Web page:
Sunday, March 4, 2012

Gold Dirt

     "Dirt is Gold," says Greg Peterson of The Urban Farm. Dirt is what feeds your plants, what sustains them and nourishes them through the vagaries of a season. At our little farm, where we're extracting pounds of produce each week, we expect a lot from our dirt, and we treat it very kindly. We have a huge compost heap at the east side of the yard, tucked up against a wall, and under the neighbor's citrus. It's one of the dampest and darkest parts of the farm. Weekly we feed the heap with kitchen scraps, weeds we've pulled, crops we're rotating out, and - especially - the droppings from several Mesquite trees we're lucky to have on the southern edge. The seed pods, about to drop in another month or so, are especially rich in protein and starch. In fact, Mesquite seed pods can be ground for flour - something I'm really jonesing to do.
     Our compost heap is constantly "working", making replacement dirt for the stuff we cycle out of beds that have run their course.
     Also, however, I'm paying very close attention to crop rotation. It isn't that hard to follow, and makes perfect sense. First, never put a crop in the same place it was last year or season. This is to confuse the parasites - and in such a small space as an urban setting, this is especially important. Second, the cycle takes advantage of what nutrients the current crop is adding to the ground. What follows today's crop is what requires the nutrients it has left behind. Below is a simple chart, with crops divided up into 4 groups:
- Leaves - Needs Nitrogen - lettuce, spinach, broccoli, cabbage, cauliflower, kale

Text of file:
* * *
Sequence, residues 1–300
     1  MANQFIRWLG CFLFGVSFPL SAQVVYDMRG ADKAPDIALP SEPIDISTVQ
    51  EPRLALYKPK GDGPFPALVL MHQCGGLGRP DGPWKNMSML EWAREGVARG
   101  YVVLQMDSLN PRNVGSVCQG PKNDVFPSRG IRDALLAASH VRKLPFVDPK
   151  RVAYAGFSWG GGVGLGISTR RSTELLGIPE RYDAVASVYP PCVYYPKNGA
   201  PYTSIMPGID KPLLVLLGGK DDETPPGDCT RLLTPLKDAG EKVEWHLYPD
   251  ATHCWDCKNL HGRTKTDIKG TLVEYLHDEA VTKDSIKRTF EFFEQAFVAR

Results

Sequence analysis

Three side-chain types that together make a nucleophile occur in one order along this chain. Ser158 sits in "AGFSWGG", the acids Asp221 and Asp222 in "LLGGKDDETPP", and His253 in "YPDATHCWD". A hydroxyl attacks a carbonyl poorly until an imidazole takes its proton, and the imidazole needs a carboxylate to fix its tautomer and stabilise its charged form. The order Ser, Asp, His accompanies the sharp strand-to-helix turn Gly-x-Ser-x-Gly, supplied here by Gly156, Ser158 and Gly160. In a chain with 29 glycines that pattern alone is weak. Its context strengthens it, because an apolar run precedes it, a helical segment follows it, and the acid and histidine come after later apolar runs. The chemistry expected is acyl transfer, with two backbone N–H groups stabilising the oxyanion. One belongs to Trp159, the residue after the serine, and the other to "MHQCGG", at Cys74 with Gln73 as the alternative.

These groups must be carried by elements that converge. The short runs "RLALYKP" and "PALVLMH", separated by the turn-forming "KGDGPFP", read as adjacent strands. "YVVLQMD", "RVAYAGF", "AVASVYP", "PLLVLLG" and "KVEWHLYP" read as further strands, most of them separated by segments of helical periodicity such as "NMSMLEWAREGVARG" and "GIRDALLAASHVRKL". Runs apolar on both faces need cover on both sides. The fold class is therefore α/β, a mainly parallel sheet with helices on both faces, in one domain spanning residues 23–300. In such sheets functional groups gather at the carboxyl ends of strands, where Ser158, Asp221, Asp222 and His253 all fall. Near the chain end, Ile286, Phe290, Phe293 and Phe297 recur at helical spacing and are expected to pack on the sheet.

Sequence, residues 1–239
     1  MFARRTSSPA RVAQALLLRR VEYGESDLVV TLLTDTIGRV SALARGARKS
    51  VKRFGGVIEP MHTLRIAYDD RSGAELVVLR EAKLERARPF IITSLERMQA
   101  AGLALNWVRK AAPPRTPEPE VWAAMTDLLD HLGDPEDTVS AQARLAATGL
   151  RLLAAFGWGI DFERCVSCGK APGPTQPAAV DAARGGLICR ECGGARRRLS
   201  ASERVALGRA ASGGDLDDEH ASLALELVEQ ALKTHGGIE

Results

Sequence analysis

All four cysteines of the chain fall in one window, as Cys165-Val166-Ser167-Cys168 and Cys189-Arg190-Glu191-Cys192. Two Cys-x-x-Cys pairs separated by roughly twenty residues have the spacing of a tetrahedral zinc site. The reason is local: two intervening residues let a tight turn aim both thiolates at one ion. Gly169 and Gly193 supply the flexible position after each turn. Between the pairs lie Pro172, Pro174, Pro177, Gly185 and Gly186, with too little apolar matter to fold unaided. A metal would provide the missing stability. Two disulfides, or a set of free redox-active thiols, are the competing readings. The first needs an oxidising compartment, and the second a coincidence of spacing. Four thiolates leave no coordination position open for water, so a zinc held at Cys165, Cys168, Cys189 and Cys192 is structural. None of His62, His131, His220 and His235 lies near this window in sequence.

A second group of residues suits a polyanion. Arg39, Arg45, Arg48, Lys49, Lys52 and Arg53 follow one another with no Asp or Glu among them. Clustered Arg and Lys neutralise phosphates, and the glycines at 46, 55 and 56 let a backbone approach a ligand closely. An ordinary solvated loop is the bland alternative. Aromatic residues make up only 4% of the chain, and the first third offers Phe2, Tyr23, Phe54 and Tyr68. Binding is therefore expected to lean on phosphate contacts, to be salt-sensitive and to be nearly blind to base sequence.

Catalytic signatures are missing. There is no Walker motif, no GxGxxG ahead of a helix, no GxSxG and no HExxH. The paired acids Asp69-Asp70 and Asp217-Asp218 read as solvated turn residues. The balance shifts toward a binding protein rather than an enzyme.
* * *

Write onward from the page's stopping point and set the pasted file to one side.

- Fruits - Needs Phosphorus - squashes, cucumbers, melons, tomatoes, peppers, eggplant
- Roots - Needs Potassium - onions, garlic, leeks, carrots, beets, turnips, radishes
- Soil Builders - Add Nitrogen - peas, beans, legumes
This week is the beginning of a major transition time in the Valley. In the north yard, where we've got more sun, we pulled the bolted broccoli, broccoli raab, kale, arugula and chinese cabbage. Soon to follow is a line of snow peas. They have been delicious, and we've still got some growing, tucked here and there throughout the farm, so we'll be eating them for a while. But the main - and earliest - crop is about played out.
     Now I get to decide what to plant next. This takes into account so many factors; time of year, companion planting, crop rotation, shading, microclimates. Where the leafy plants were, the broccolis and kale, we transplanted the baby tomatoes and peppers we've been growing from seed in our little nursery. Where the peas are - although I will be skipping a step - I'm going to plant melons. Now that we are moving into the hotter part of the year, they will provide some extra shading for the plants nearby. And the extra jolt of nitrogen they will get from the peas won't harm them.
     Science, art, beauty, patience, balance on our little farm.


  1. Dang, you are an EXPERT. Richard and I cleaned out our compost bin this morning. We have one of those plastic ones and it was so full the seams were splitting open. Took everything out, got all the good stuff out (almost an entire trash can, fixed the structure and put it back in. Good to go.

  2. Heidi, our heap is about 10'(L) x 4'(W) x 5'(H)!